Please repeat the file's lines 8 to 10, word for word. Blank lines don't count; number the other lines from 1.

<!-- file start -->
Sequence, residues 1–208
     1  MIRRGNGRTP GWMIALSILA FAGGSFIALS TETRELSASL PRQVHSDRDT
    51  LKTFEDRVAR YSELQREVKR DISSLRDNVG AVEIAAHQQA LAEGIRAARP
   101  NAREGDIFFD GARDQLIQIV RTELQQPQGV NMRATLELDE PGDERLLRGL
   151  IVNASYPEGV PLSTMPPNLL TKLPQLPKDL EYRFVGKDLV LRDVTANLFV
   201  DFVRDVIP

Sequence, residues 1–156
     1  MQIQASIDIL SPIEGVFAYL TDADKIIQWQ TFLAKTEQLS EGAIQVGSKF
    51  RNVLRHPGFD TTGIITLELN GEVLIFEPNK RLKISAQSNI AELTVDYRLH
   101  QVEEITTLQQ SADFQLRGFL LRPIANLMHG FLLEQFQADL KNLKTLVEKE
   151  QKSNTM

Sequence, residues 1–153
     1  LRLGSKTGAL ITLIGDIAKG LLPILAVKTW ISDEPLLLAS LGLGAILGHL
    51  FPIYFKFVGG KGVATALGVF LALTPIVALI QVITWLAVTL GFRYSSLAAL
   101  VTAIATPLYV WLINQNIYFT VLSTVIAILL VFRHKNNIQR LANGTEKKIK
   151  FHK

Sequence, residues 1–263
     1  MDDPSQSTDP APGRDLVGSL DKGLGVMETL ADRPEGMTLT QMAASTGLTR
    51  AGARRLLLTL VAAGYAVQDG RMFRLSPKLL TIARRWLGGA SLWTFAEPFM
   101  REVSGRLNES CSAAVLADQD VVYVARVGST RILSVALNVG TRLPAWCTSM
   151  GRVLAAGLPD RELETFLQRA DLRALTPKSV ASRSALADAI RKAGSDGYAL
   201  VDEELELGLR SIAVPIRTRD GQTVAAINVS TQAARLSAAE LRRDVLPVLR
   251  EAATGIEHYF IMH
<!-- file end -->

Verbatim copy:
     1  MQIQASIDIL SPIEGVFAYL TDADKIIQWQ TFLAKTEQLS EGAIQVGSKF
    51  RNVLRHPGFD TTGIITLELN GEVLIFEPNK RLKISAQSNI AELTVDYRLH
   101  QVEEITTLQQ SADFQLRGFL LRPIANLMHG FLLEQFQADL KNLKTLVEKE